SSD in a ThinkPad T61p

This week I purchased a OCZ Vertex 2 SSD drive for my laptop, a Lenovo ThinkPad T61p. After replacing the old HDD, I was greeted by the following error message, just after the BIOS screen:

2100: HDD0 (Hard Disk Drive) initialization error (1)

That does not sound good. Anyway, I searched around and found one simple advice:

Don’t use the ThinkPad HDD cage and the corresponding anti-shock bumpers. The problem lies with the physical connection of the SSD. I inserted the SSD without the bumpers and the bracket and voilĂ  : It worked flawlessly.

The SSD does not need shock-protection from the rubber bumpers, but in order to stabilise the drive I put some padding at the end of the SSD, so there is no stress on the connectors.

XCache – A booster for WordPress

I was not pleased with the results of my database tweaks. So I looked further to improve the performance of this blog and stumbled upon XCache. Developed by the same people that created lighttpd, XCache is a PHP opcode cacher that greatly improves WordPress performance.

Using the same Java program I used in my previous tests, I queried the website 500 times and packed the data into a graph. This is what showed up:

Graph showing xcache performance impact

Now that is what I am talking about! The query time is nearly three times as fast as before.

I am still looking into other cachers like Alternative PHP Cache (APC), but I like xcache so far.

Improving Website Performance

Today I wondered how my newly purchased Virtual Server performs under load. I am currently using lighttpd as a webserver and MySQL as the database for WordPress. I already knew that MySQL features the Query Cache, which stores the result of issued queries in memory (Oracle’s equivalent of this would be the Result Cache in Oracle 11g). I wondered how much this feature could improve performance on a normal WordPress blog.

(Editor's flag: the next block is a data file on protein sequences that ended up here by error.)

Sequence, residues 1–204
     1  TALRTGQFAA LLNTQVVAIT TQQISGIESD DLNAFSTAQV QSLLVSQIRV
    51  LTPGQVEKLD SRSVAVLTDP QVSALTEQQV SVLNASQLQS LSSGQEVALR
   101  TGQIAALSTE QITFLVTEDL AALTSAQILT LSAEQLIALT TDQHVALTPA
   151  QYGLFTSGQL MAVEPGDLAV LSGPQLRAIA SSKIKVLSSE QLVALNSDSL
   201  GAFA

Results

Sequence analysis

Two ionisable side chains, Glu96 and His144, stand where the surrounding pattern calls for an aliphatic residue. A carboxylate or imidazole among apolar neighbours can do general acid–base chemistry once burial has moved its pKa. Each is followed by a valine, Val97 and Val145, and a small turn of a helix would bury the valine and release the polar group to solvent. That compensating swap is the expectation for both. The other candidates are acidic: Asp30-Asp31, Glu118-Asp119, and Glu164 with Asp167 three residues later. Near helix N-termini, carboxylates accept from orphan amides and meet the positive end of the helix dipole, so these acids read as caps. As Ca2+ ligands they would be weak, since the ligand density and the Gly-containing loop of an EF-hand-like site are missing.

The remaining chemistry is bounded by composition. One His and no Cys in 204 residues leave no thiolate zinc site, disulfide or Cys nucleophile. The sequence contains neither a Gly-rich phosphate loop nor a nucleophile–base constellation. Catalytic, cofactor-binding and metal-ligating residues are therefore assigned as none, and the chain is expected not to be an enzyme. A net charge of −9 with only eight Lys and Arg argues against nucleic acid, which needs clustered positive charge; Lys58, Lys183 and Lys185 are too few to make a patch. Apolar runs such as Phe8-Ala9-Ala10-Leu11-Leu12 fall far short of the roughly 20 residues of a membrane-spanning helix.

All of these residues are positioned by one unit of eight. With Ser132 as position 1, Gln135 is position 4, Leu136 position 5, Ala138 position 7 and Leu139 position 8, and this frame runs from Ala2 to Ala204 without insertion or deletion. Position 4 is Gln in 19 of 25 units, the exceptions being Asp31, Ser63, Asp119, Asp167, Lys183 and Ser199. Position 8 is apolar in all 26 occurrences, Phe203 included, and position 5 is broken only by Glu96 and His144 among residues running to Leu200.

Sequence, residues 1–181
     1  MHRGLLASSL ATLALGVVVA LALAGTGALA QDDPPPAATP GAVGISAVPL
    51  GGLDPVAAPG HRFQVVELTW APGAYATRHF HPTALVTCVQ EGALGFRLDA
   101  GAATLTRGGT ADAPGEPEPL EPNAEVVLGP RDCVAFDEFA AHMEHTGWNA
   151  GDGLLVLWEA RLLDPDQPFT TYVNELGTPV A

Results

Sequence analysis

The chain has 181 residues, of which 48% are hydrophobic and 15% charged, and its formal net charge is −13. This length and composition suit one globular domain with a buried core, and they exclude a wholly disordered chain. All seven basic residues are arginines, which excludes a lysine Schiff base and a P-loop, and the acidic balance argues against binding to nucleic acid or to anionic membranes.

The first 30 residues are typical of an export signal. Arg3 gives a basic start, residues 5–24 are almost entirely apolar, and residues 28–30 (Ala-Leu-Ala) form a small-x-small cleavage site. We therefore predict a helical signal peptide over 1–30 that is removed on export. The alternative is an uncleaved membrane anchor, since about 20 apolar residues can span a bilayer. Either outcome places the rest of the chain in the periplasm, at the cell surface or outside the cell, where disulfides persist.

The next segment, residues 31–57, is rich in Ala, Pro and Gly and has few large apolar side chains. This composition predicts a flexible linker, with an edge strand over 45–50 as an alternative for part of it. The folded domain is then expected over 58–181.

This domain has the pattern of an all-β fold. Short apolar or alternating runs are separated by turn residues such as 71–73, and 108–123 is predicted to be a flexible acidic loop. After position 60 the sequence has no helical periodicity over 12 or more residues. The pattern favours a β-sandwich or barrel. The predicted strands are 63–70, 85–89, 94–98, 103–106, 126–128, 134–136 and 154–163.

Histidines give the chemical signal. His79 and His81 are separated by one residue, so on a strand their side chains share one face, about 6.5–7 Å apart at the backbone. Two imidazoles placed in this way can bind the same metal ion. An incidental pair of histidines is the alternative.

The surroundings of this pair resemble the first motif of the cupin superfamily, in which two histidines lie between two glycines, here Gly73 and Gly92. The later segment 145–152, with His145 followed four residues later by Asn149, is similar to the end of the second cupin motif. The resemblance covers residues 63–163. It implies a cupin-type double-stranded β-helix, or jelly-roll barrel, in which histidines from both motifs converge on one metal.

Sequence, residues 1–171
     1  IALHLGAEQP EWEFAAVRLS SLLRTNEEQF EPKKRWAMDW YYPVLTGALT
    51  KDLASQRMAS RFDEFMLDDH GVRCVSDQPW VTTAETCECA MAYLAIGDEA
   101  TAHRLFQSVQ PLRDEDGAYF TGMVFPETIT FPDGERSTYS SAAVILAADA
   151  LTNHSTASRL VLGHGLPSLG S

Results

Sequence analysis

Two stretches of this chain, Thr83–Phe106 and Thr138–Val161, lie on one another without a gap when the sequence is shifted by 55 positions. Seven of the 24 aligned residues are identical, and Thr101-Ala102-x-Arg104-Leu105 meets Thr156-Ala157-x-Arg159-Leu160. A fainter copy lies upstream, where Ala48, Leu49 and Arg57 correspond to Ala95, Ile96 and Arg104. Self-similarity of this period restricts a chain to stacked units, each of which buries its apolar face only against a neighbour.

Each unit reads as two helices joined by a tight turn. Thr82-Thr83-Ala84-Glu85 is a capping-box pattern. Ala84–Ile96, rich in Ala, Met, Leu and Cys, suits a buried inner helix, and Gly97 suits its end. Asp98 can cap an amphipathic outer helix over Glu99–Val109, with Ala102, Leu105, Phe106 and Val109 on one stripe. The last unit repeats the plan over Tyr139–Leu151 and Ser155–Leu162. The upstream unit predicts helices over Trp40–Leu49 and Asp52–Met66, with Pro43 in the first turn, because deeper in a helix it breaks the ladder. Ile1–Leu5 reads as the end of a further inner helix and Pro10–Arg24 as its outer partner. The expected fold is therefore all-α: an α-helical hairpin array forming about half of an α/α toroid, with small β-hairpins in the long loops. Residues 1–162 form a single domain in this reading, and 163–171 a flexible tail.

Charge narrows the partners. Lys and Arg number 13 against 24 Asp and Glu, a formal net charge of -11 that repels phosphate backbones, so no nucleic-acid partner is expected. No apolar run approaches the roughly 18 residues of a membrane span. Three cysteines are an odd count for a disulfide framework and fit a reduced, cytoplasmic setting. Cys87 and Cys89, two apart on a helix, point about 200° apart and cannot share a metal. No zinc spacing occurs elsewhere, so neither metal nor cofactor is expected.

I quickly wrote a small Java program to query my website (source code available here: and retrieve the performance metrics from the HTML source code. I then ran it 500 times to get my metrics without the Query Cache turned on. Average time for building the website: 0.115 seconds.

Read the rest of this entry

WordPress MySQL Permissions

Having security in mind, I had some concerns granting all privileges to the WordPress MySQL user (see the instructions from WordPress):

GRANT ALL PRIVILEGES ON databasename.* TO "wordpressusername" [..]

After all, with these privileges the WordPress user would be able to access other databases on this server and do whatever he likes. WordPress has become very popular and is a known target for exploits and the like (as a quick search on will confirm). I didn’t like that idea.

So here is what I did:


This works fine so far and I don’t think my WordPress installation needs more privileges. Note that the ALTER and DROP statements are missing from my list, which could interfere with future updates. But we’ll see…

Hello world

My name is Simon Krenger, I am a Technical Account Manager (TAM) at Red Hat. I advise our customers in using Kubernetes, Containers, Linux and Open Source.


  1. GitHub
  2. LinkedIn
  3. GitLab